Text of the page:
search button
newscenter logo
Thursday, August 18, 2022

Follow SDSU Follow SDSU on Twitter Follow SDSU on Facebook SDSU RSS Feed

Daniel Piel ('20) Daniel Piel ('20)

“Every Day Seems a Little Happier”

COVID-19 and his father's cancer diagnosis threatened Daniel Piel’s education and career goals. Then came the news that changed his life.
By Tobin Vaughn

“It has taken a lot off of their shoulders. Every day just seems a little happier and a little more manageable.”

Daniel Piel’s parents hadn’t wanted him to know. He was working hard to wrap up his undergraduate anthropology course work and graduate in May after having been accepted into a master’s program at San Diego State University to study the environmental impact of humans as evidenced through archaeological records.

It was enough that COVID-19 had upended his summer plans to explore an ancient Roman site in Italy with a professor, but then Piel learned the pandemic had also caused his parents to lose their jobs. They had feared he would worry and become distracted from his studies.

But the bad news got worse: right around the end of the spring semester his dad was diagnosed with advanced prostate cancer. It was a lot for the Piel to process.

“I didn’t know if we were going to lose him. I didn’t know how long it had been going on,” said Piel. “It was soul crushing, but I had to push through it and had to stay positive.”

Piel lives with his parents, as he did as an undergrad, helping out around the house and pitching in to pay the bills working as a sailing instructor at the Mission Bay Aquatic Center. He was prepared, if necessary, to put school on hold and to set aside his goal of earning a Ph.D. and becoming a college professor.

“I knew that if I were to take a year or something off I might not actually get back in again,” Piel said, “and I was really worried about that.”

Courage through cancer

Piel’s fears were well founded. SDSU financial aid administrators confirm that many students who place their educations on hold will frequently fail to complete their degrees.

When they learned of Piel’s circumstances, they immediately identified him as a candidate for assistance from SDSU’s Wallace, Shatsky, Blackburn, Courage Through Cancer Fund. The fund helps students whose studies are negatively impacted by cancer either through their own diagnoses or the struggle of a loved one fighting the illness.

Since its inception at the beginning of the 2018-19 academic year, the fund was endowed and has raised more than $270,000.  It has helped 20 SDSU students stay on track to graduate including, most recently, Daniel Piel.

“Daniel is an outstanding student who just needed a boost to overcome some serious challenges he and his family are facing and, fortunately, we have been able to help,” said Tammy Blackburn (’94, ’01), who is living with Stage IV breast cancer and is the director of marketing and communications for University Relations and Development. She said Piel has received support for tuition, fees, books, a laptop computer, gas cards and food cards.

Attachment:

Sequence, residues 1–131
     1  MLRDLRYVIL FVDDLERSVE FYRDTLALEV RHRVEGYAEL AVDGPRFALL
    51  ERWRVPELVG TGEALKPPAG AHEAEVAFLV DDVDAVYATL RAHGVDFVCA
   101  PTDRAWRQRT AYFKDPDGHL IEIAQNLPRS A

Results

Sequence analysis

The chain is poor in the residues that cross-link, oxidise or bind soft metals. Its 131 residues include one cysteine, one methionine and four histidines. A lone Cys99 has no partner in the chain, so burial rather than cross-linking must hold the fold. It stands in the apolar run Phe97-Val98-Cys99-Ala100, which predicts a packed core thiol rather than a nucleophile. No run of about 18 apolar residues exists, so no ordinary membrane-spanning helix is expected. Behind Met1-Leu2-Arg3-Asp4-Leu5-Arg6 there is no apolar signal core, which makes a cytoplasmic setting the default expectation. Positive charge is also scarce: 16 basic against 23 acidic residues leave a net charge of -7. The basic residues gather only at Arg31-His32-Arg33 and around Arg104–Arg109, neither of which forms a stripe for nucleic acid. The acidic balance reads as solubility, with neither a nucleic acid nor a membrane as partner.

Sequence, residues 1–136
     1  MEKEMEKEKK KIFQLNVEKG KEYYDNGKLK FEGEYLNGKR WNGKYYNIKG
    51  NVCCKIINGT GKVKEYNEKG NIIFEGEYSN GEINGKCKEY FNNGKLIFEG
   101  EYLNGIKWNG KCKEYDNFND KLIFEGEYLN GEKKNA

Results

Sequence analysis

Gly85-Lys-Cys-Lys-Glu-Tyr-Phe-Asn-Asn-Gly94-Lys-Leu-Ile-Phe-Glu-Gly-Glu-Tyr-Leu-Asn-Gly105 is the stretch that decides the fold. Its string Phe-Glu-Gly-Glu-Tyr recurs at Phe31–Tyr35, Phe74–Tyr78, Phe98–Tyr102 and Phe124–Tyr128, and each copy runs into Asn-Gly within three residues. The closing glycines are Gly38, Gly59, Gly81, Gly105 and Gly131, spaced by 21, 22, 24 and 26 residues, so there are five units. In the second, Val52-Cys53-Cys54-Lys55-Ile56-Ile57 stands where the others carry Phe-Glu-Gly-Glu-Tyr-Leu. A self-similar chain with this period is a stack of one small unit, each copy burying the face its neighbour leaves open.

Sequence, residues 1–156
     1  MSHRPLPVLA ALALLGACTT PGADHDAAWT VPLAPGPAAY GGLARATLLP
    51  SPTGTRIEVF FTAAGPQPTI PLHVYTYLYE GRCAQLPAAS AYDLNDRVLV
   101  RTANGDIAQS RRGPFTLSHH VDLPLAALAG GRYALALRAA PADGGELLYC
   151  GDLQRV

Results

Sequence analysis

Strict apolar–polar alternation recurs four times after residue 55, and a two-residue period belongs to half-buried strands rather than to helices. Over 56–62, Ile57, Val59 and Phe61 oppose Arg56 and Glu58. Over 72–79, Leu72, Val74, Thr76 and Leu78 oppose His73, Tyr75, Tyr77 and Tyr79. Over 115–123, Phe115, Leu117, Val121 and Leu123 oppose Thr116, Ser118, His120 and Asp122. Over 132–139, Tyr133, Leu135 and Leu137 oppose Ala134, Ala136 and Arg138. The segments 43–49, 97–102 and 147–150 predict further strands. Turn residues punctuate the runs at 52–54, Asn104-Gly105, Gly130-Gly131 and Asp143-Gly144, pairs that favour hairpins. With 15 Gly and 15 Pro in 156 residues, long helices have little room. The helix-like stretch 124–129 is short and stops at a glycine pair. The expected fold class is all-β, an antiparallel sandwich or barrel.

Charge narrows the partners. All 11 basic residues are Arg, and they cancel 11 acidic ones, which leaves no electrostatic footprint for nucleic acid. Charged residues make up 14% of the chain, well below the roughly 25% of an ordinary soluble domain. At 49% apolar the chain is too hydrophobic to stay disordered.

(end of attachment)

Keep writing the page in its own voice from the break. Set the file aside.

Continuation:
“I never would have imagined that this could have happened at all,” said a grateful Piel of the support he has received. “It’s really life-changing, so I want to say thank you to everyone involved.”

End-of-year campaign

2020 end-of-year campaign has been established with a goal of raising $100,000 for the Wallace, Shatsky, Blackburn, Courage Through Cancer Fund. Already, SDSU alumni and other donors are coming through.

Mark Mays (’69), who provided one of the original gifts to launch the fund, has pledged to match contributions to the campaign up to $15,000. Having lost his wife, Karen, to breast cancer in 2013, Mays knows too well the obstacles faced by cancer patients and their loved ones.

“I am sensitive to some of the enormous challenges of someone with a cancer diagnosis,” he said. “They go up exponentially aside from the rigors and challenges of a regular student getting through school. It makes me feel good to be able to help.”

As a cancer survivor, Sarita Flaming (’91) understands the fear and uncertainty that accompany a cancer diagnosis. “Your life comes to a screeching halt,” she said. “Whether it’s financial, emotional, family – it all stops.”

She is sensitive to risks students like Piel face by being forced to put their studies on pause. “Allowing them to be able to stay in school with their friends learning and taking steps toward their future is important and I think it’s critical we help provide that for them,” she said.

Flaming has contributed generously to the Courage Through Cancer Fund over the past year, including a gift to the end-of-year campaign. Her passion for supporting the fund inspired her in-laws, Art ('60) and Gwen Flaming, to contribute a $20,000 match gift to the campaign.

Thanks a thousand times

Piel’s father had surgery and the family is awaiting test results to determine his prognosis. He is still concerned for his dad, but Piel said the support he received from the Courage Through Cancer Student Success Fund has helped ease a tremendous burden for him and his family.

“It has taken a lot off of their shoulders,” he said. “Every day just seems a little happier and a little more manageable.

“My mom wanted to say thank you a thousand times to everybody involved and so does my dad. I do, too.”